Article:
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Conference Call Quotes: Steve Molitor, Celestino Caballero

Undefeated International Boxing Federation (IBF) champion Steve “The Canadian Kid” Molitor and World Boxing


Undefeated International Boxing Federation (IBF) champion Steve “The Canadian Kid” Molitor and World Boxing Association (WBA) super bantamweight boss Celestino Caballero will battle to unify the titles on Friday, Nov. 21, from Casino Rama, in Ontario, Canada, live on ShoBox: The New Generation on SHOWTIME (11 p.m. ET/PT, delayed on the west coast).

The 12-round world title unification fight is the first ever in the eight-year history of ShoBox and the first to take place in Canada. Orion Sports Management will promote the historical scrap between two of the most talented 122-pounders in the world.

“This is a historic unification fight,” said Gordon Hall, Executive Producer of ShoBox. ”We showcased Vazquez-Marquez on SHOWTIME, now both Molitor and Caballero want to make their statement and establish themselves as the best at 122-pounds. It will be a classic chess match between two very skilled boxers. This is boxing at its best.”

Others speaking on Tuesday’s call were Molitor’s promoter (Allan Tremblay), his trainer (Stephane Larouche), his manager (James Jardine), Caballero’s trainer (Rogelio Espino) and Jeff Craik of Casino Rama.

Opening Comments

TREMBLAY: Welcome, everybody. We’re exceptionally proud to put this event on. Not only is it the first unification fight in the history of the country, it is arguably the biggest fight in the history of Canada. So obviously we’re delighted with all of that.

I would like to thank first and foremost, Casino Rama and Jeff Craik and his crew for coming to the table financially for this fight. As you know, the big fights go where the money is. And it shows how far boxing has come and in Ontario, specifically, with a big‑time player with Casino Rama on board.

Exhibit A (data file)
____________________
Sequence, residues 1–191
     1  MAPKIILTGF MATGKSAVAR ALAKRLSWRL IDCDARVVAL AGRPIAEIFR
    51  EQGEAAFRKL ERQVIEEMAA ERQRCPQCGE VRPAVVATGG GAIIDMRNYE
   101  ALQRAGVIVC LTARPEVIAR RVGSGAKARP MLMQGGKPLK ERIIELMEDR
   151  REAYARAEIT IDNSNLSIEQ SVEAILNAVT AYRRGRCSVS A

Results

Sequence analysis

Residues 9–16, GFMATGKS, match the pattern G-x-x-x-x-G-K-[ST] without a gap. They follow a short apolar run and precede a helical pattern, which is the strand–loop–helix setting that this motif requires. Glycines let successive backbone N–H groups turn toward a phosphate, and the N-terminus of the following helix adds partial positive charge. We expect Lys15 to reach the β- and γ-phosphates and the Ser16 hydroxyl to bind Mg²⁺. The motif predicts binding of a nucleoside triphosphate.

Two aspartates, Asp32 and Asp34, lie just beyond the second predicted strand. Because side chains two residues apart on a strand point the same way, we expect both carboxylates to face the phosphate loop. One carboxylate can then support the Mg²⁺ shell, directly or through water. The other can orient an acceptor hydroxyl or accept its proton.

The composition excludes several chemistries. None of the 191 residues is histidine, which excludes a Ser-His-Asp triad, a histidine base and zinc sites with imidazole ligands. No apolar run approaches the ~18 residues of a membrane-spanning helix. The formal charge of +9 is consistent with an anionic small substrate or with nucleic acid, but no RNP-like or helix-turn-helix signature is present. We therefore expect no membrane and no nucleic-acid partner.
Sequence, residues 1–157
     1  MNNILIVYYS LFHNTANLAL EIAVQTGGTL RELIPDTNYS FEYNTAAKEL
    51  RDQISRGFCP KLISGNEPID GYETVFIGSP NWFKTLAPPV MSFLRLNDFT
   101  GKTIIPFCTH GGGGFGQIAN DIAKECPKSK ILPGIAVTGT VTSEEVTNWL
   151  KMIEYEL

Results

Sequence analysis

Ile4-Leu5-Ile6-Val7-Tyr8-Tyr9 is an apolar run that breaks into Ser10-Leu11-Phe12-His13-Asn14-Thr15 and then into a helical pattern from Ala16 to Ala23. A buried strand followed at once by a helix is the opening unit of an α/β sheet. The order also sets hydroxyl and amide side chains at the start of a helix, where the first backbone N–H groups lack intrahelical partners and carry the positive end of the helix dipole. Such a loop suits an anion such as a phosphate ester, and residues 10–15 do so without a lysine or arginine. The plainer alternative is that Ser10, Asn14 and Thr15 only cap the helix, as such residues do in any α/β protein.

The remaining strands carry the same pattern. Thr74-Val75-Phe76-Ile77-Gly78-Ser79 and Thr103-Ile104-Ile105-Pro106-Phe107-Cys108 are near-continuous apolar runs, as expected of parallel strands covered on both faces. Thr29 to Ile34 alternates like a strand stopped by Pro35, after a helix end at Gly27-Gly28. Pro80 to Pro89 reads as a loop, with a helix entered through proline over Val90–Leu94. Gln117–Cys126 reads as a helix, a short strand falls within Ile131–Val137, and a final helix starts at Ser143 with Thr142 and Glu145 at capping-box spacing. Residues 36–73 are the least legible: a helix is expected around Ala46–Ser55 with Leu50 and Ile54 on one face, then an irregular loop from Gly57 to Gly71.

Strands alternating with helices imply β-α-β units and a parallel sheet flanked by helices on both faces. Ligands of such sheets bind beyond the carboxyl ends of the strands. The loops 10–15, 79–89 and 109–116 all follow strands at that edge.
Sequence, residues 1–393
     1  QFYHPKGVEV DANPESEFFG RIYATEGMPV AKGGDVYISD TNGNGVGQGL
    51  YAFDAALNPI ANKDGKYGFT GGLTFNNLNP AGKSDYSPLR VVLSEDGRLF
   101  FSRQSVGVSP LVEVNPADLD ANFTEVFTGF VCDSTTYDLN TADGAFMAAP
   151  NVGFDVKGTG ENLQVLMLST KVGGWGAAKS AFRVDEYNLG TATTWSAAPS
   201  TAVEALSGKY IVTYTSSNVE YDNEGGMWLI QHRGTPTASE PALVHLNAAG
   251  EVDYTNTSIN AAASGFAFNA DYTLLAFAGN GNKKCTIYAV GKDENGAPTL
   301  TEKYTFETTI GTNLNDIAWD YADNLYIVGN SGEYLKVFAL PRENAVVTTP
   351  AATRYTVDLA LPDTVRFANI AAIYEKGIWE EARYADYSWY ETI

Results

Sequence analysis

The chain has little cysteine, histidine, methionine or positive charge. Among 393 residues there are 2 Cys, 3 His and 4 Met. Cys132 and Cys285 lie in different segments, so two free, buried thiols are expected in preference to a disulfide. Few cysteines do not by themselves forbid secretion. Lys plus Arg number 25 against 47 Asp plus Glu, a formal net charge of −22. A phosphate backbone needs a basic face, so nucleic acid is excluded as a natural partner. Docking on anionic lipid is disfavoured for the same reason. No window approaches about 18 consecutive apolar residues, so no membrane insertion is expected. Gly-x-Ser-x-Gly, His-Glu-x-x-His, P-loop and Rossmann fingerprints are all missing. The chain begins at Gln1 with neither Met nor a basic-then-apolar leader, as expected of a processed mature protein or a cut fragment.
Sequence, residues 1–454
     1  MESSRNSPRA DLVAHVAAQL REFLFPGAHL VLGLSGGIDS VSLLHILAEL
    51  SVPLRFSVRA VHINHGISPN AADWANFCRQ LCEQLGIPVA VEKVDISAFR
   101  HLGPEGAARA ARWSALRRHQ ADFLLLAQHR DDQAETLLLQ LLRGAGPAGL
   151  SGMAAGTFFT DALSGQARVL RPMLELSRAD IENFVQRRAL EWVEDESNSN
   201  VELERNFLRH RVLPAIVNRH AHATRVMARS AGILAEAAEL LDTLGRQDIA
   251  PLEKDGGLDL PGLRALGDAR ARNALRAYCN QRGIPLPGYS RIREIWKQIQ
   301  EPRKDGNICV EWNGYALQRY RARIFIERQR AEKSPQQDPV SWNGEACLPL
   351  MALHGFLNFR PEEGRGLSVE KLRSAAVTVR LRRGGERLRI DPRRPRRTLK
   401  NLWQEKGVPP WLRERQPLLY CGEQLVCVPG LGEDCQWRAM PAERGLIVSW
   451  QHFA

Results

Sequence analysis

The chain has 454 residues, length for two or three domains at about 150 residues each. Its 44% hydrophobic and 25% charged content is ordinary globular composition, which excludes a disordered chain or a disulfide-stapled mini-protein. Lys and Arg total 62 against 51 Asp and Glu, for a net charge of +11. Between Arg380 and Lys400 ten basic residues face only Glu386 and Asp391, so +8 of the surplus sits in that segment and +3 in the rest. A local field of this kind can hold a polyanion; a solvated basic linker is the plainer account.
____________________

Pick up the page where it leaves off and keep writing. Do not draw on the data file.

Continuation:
And last but not least, I want to say how proud we are to have our very first event for Orion Sports Management on SHOWTIME in the United States. This is also a first for us, and we’re honored and delighted to present it.

CRAIK: It was a little over a year and a half ago when you (Tremblay) and I got the green light for the first rumble. And you and I had a bit of a hint to build boxing in Ontario, to invest in and build. This really is the culmination of a year and a half of hard work by your team and the Casino Rama team. And, of course, Steve himself. I can’t tell you how proud I am to be hosting this in 10 short days.

BARDINE: We’re delighted that both young boxers can get together in such an important fight, that it’s on SHOWTIME and going around the world. And specifically that it’s happening at Casino Rama, who has come to the table. It is a great opportunity. All questions will be answered on Nov. 21.

LAROUCHE: As you will notice I’m in the French area of Canada and it’s an honor for me to be involved in a major event that takes place in Ontario. It looks good from outside, looks like everything has been done. But it takes someone to dream. And Mr. Tremblay was dreaming about putting on such a big fight in Canada.

So on my side, we’ve been taking that fight very seriously. Caballero is a good fighter. He’s a crafty fighter. He’s an awkward fighter. He’s a heavy‑handed puncher.

He can post punches from weird angles. So it’s not an easy task to fight in front of a guy like this. So we have Steve spar over 150 rounds before a fight like this with kids that are (between) five-feet-10 and six-feet-two.